Examine the product/service training you provide. Does it cover everything? It is in-depth enough or is it too detailed? Does it need to be broken up into smaller chunks? As part of the product training the new salesperson should have the opportunity to use the product or talk to satisfied customers who use the product. They should also have the opportunity to see first hand the product production or development and shadow the people who do that. If there is delivery and installation, the salesperson should ride along to learn that aspect as well.

In my opinion the best way to learn a job is to start by shadowing. Choose carefully from your most successful salespeople and make a schedule. Each of your successful salespeople do things differently so make sure the new salesperson gets to shadow at least three. Make sure you choose successful, experienced salespeople with positive attitudes.

Unfortunately, some very successful sales people have negative attitudes. You know who they are. Don't choose them! Train your experienced, successful salespeople so they know what to do and say to be helpful to the new salespeople while they are shadowing. Make sure the new person gets to see a variety of activity and has time to ask questions.

Demonstration followed by discussion is the way in which most adults learn best. Next they need to do the demonstrated task with an observer followed by feedback and discussion with that observer. The last piece is doing the task on their own with no observer followed by discussion with their previous observer.

Once the salesperson has shadowed several salespeople, it is time for the manager to step in. You should ride with the person to visit clients and prospects. Before each visit, discuss with the salesperson what their approach will be, observe them and take a few notes for feedback and discussion after each meeting.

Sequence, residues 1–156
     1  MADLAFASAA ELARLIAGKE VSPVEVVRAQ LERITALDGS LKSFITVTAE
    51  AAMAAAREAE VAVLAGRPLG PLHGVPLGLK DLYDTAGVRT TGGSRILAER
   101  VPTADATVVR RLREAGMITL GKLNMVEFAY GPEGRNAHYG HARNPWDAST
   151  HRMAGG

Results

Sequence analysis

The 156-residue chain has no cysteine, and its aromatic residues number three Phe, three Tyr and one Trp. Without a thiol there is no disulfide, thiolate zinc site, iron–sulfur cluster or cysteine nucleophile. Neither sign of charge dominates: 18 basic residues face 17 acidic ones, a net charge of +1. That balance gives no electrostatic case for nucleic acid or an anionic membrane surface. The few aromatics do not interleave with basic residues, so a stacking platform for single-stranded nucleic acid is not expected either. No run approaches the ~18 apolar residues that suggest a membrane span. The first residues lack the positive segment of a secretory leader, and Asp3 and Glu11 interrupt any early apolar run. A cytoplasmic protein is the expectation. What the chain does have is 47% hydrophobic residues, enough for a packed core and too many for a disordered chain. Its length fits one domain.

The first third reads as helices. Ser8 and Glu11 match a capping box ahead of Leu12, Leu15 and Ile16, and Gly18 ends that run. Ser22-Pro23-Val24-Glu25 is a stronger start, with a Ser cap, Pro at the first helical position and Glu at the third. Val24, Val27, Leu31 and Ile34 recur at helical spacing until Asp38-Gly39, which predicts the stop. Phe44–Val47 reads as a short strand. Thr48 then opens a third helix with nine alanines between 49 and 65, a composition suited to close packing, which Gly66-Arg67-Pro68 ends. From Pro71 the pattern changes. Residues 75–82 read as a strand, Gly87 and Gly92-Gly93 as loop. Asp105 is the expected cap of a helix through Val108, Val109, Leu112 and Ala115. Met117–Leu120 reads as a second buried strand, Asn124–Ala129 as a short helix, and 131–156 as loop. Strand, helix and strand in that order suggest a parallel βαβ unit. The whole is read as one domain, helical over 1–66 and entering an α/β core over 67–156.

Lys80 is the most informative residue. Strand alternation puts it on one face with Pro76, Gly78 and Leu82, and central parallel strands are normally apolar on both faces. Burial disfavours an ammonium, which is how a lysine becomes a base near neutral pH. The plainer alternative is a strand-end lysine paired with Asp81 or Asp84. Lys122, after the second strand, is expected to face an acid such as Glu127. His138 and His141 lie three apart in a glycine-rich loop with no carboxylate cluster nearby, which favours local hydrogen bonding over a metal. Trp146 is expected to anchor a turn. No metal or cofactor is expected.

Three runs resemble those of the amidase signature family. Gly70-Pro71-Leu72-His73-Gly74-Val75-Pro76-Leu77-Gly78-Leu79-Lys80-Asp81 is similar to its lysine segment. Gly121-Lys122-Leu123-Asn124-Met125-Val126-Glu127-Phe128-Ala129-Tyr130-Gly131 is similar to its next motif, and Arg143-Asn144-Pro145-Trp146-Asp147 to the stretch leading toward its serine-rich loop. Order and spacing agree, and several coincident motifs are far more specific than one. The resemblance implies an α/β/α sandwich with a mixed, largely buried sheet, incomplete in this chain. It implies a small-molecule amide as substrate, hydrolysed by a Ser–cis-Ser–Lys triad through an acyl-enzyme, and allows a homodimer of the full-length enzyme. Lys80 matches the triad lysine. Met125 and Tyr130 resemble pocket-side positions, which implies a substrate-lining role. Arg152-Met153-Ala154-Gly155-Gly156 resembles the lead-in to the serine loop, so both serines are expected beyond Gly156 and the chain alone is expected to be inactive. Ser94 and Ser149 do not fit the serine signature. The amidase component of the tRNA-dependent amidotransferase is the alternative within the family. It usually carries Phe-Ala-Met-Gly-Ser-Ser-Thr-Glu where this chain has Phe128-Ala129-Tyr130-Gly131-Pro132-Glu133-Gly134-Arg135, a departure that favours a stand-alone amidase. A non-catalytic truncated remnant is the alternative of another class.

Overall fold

Once you feel secure in the salesperson's ability, leave them on their own to perform sales calls independently, but be sure to have a follow-up discussion each week about the results of those meetings.

After evaluating your new salesperson's skills, you will need bridge any gaps in their skill set. If you have a good snapshot of all the skills a successful salesperson at your company needs this will be fairly easy. Make sure they have good prospecting, discovery, education and closing skills. If not, send them to a sales course in person or online or have them read a great book on sales that covers the needed skills and then have a discussion about it. Role-playing the needed skills with the salesperson is also helpful.

Don't expect salespeople to have all the needed skills. They may not have had any formal training. If salespeople like a certain aspect of selling, they may be better at it than in others. For example, they might be great at prospecting, but not know how to ask good questions, and even if they do, they may need to learn the right questions to ask to sell your product or service.

A caution: Good salespeople will tend to become impatient. They'll want to jump right in and start selling. That's a good thing but you will need to continuously reassure them that this training process will make them more successful in the long run.

Once the three to four weeks of initial sales training are completed, are you finished with training? No, the salesperson should be coached frequently for the first six months, and all salespeople need ongoing coaching and training to stay at the top of their game.

Alice R. Heiman is president of Alice Heiman, LLC, a Reno-based sales training company.


Use the comment form below to begin a discussion about this content.

Sign in to comment